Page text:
Many people equate marketing with advertising, which irks me. I even caught Shama Kabani doing it in her book The Zen of Social Media Marketing. On page 48, she writes the definition, “Marketing: promoting a product or a service to increase sales.” Not true. Marketing is more than advertising.
I suspect and hope that Kabani, CEO of The Zen Marketing Group, knows better and needed this simplification in the context of her book.
The Four Ps of Marketing
Promotion such as advertising is just one of the historic 4 Ps of Marketing:
- Product: features, design, branding, packaging, sizes, services, warranties, returns
- Price: list price, discounting, payment period, credit terms
- Placement (or distribution): inventory, transportation, distribution points and channels, regional availability
- Promotion: sales force, advertising, public relations, direct marketing
The American Marketing Association gives the formal definition “Marketing is the activity, set of institutions, and processes for creating, communicating, delivering, and exchanging offerings that have value for customers, clients, partners, and society at large” (emphasis added!).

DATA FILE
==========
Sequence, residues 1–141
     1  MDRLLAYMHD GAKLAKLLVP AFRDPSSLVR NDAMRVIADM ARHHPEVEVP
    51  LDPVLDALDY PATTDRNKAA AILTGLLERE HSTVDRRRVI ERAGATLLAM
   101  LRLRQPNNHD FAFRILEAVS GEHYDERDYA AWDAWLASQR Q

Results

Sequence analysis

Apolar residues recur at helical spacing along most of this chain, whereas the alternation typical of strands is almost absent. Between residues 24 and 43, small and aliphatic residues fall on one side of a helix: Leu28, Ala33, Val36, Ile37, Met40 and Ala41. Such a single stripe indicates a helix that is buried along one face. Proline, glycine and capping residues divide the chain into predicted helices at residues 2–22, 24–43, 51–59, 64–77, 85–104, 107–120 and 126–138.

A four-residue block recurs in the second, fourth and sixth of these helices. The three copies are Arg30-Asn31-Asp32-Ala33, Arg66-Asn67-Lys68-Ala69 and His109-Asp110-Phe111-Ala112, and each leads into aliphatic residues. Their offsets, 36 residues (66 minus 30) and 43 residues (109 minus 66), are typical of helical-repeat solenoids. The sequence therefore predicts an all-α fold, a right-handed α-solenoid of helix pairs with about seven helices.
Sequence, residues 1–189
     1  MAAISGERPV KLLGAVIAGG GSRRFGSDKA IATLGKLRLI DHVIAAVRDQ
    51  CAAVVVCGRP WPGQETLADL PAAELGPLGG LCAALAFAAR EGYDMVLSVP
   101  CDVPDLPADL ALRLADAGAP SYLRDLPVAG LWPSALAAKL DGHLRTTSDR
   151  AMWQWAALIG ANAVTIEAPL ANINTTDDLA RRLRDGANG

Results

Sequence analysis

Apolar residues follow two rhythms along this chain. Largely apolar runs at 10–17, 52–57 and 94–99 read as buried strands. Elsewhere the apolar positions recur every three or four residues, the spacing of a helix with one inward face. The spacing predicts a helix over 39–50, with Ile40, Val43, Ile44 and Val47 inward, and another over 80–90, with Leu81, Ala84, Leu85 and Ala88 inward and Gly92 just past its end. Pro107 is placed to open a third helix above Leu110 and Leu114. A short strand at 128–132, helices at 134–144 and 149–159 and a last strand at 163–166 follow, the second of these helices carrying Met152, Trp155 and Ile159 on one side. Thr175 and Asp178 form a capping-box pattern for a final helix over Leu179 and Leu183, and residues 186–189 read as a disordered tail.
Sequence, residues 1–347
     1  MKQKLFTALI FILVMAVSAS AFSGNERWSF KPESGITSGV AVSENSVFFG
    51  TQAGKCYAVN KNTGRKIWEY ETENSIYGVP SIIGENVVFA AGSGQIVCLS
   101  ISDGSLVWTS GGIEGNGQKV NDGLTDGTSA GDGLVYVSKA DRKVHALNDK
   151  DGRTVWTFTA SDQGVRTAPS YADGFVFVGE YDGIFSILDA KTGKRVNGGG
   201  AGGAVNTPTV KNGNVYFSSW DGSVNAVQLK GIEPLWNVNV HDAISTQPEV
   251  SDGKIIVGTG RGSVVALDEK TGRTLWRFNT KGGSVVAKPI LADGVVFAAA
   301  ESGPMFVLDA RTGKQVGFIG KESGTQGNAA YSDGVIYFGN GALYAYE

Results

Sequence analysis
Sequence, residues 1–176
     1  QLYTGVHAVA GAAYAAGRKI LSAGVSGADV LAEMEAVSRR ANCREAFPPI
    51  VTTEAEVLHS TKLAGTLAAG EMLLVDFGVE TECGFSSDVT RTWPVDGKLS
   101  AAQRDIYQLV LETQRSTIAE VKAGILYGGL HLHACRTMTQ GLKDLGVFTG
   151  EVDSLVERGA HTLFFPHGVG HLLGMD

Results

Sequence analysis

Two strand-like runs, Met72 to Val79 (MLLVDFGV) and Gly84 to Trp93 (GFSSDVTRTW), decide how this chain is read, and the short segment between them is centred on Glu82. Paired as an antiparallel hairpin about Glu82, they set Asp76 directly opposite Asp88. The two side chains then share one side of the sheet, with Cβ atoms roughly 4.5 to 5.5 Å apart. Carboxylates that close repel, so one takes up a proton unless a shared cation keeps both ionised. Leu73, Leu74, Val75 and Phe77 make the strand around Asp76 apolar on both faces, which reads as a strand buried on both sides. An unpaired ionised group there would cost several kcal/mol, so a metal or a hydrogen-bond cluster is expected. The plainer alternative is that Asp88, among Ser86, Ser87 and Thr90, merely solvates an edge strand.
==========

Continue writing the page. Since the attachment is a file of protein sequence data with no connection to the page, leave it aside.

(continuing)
Four More Ps in Marketing
- People: not just those inside an organization who carry out marketing, but the humanness of clients, consumers, vendors, and partners
- Processes: discipline, structure, and creativity
- Programs: specific consumer-facing activities
- Performance: metrics and constant improvement
Perhaps most resonant for me, though, is the first sentence Kotler and Keller write in their section “What is Marketing?”
Marketing is about identifying and meeting human and social needs.
To me, you can just as easily write
Public services are about identifying and meeting human and social needs.
Public services are, and should be, all about marketing, and marketing is more than advertising.